January 7, 2004
Church deal a boon for lawyers
Record legal fees irk some victims
By Ralph Ranalli, Globe Staff, 9/11/2003
The $85 million settlement in the Boston clergy sex abuse scandal will set a record not only as the most expensive abuse settlement in the history of the Catholic Church, but also as the largest payday for lawyers who sued on behalf of abuse victims: an estimated $30 million in legal fees, lawyers said.
That figure has angered some victims and advocates, who say those abused by clergy will get far less money as a result, but others say the customary 33 percent cut, plus expenses, is fair, stressing that they could not have sued the Archdiocese of Boston had they been forced to pay legal fees up front.
The tentative agreement was unanimously ratified yesterday afternoon during a meeting at a downtown Boston hotel with the 57 attorneys representing 552 alleged victims of abuse, who must persuade 80 percent of their clients to sign on for it to become effective.
"They are raking in millions of dollars and just using victims, propping them up in front of press conferences so other clients will come in and hire them," said John Sacco, a victim of defrocked priest John Geoghan, who was killed in prison. Sacco had settled an earlier case with the archdiocese.
"The money victims will get is really a slap in the face when you look at what it really is after the attorneys' fees," said Sacco, New England coordinator for The Linkup, a national group that brings together those who were sexually abused. "And the lawyers aren't giving anything back." A member of the group Coalition of Catholics and Survivors, however, said that the lawyers were crucial in exposing the extent of the clergy abuse scandal and forcing the Archdiocese of Boston to deal with it.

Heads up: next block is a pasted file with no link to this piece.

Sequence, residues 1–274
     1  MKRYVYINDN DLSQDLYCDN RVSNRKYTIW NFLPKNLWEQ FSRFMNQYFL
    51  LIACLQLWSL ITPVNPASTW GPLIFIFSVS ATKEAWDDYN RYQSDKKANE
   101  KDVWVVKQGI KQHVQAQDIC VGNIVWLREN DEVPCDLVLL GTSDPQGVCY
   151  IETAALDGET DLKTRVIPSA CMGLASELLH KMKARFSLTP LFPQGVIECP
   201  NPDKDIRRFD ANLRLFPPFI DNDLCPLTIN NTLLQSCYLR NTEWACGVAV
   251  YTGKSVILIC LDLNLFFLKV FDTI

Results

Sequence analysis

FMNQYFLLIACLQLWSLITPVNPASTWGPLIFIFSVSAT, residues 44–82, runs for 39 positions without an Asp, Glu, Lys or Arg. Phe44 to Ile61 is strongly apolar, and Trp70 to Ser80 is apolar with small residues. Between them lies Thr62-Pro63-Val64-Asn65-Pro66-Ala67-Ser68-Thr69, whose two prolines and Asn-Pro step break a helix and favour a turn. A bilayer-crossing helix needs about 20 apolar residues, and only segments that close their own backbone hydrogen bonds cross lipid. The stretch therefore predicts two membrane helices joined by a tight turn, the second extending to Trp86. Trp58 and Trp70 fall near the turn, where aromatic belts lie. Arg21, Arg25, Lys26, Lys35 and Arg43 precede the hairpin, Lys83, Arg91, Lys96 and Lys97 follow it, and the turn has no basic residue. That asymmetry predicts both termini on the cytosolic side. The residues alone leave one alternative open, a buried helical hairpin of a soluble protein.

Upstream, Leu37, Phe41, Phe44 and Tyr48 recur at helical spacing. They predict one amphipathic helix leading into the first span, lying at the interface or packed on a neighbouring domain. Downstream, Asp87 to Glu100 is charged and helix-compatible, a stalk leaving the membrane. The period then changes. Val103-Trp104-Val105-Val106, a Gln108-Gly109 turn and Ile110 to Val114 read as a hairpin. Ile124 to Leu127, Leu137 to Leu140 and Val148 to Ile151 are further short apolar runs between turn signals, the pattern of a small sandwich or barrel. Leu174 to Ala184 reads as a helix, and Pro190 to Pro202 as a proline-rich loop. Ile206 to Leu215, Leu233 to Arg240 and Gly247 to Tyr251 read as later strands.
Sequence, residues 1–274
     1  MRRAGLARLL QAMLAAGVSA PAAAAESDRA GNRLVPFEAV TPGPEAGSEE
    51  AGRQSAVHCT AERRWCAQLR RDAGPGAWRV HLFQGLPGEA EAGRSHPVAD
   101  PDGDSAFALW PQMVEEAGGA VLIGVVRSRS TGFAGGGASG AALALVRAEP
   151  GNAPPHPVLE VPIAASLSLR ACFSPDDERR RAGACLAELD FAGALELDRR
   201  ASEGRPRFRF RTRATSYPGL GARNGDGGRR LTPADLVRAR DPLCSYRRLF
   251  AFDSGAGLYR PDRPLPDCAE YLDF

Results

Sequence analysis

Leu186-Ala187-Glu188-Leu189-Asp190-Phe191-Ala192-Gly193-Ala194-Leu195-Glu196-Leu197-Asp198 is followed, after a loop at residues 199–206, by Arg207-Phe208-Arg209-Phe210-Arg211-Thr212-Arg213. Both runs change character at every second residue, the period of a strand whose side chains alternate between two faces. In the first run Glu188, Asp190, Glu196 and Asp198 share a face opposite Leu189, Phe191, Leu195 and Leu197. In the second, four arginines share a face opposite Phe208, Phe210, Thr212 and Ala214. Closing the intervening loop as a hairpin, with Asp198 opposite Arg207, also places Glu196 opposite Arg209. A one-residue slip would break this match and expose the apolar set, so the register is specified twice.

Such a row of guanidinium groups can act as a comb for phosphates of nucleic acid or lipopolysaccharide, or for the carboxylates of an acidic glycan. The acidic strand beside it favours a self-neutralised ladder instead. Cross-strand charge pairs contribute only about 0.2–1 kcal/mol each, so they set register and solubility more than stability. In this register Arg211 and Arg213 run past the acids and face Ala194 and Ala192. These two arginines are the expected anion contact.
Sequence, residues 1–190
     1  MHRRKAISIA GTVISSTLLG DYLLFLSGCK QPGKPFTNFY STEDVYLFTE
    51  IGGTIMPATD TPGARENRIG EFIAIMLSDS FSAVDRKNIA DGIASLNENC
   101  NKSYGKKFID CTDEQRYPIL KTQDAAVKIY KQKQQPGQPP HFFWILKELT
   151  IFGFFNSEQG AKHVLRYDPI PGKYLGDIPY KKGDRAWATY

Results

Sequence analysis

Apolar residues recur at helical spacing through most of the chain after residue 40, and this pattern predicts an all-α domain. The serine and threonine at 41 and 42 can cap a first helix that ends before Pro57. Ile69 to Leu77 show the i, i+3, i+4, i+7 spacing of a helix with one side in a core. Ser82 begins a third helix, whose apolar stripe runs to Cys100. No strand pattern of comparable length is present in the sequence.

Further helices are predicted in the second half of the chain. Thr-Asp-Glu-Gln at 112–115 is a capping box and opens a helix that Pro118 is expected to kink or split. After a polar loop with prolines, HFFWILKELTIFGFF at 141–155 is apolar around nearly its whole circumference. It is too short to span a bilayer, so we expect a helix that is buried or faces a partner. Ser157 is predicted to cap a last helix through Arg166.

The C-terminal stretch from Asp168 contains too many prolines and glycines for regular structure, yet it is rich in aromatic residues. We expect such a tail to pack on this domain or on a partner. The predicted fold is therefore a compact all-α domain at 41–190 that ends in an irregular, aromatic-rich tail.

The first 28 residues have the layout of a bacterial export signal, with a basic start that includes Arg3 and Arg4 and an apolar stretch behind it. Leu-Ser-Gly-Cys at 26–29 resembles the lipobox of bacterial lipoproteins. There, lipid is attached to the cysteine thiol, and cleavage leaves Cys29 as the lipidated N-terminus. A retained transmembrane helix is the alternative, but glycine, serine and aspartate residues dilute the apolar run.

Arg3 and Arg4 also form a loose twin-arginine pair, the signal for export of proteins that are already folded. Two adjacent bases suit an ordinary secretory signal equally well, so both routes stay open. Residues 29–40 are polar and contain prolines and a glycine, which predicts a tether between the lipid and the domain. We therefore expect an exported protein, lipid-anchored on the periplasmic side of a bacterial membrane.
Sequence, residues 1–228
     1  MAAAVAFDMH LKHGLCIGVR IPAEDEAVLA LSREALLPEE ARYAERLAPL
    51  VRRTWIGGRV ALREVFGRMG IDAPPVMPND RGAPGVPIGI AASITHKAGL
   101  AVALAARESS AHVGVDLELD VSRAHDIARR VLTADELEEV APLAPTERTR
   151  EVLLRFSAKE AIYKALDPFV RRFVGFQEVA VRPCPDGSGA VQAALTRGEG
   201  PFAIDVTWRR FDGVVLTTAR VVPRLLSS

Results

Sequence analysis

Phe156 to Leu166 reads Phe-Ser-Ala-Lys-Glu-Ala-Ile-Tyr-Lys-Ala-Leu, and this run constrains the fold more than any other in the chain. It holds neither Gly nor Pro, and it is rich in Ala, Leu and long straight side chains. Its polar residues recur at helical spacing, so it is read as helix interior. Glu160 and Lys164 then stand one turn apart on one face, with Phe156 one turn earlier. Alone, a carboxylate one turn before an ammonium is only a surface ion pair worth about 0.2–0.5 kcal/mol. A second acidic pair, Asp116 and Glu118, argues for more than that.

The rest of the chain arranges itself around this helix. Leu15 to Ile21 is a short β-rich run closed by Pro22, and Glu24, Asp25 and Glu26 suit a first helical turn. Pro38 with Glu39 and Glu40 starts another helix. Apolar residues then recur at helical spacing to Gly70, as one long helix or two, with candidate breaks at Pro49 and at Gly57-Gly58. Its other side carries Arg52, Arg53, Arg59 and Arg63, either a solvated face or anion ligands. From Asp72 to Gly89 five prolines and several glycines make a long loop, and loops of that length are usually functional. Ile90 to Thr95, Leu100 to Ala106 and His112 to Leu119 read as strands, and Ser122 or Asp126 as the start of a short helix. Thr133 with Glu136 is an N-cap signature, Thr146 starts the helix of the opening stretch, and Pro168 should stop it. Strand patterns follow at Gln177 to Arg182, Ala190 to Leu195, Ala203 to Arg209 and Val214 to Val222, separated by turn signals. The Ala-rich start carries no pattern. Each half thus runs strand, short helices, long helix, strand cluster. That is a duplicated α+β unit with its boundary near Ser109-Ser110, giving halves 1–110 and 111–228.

"No one else was helping the victims," said Susan Gallagher. "[The lawyers] are highly compensated, but in this case they did a lot of good."
The lawyers, meanwhile, defend their fees, saying they have put in thousands of hours over four years fighting for clients in cases once considered legal longshots. They also point out that the amounts pale in comparison with the $775 million in legal fees paid to lawyers who represented Massachusetts in its landmark lawsuit against the tobacco industry -- attorneys who are seeking an additional $1.2 billion in legal fees.
Carmen L. Durso, who has represented sexual abuse victims for years and has 42 clients in the tentative agreement, said those who resent what lawyers make in contingency-fee cases do not appreciate the amount of work that is done with no guarantee of a payoff.
"People don't like that lawyers get the fees they get, though they're perfectly willing to accept it if it's in an automobile case or something like that," Durso said. "Look, it's two years of work, and we're not done by any shape or form."
The legal fees in the Boston abuse case are expected to be a record because of the size of the unprecedented settlement itself. In the recent $25.7 million settlement in the Diocese of Louisville, for example, legal fees were estimated at about $10 million.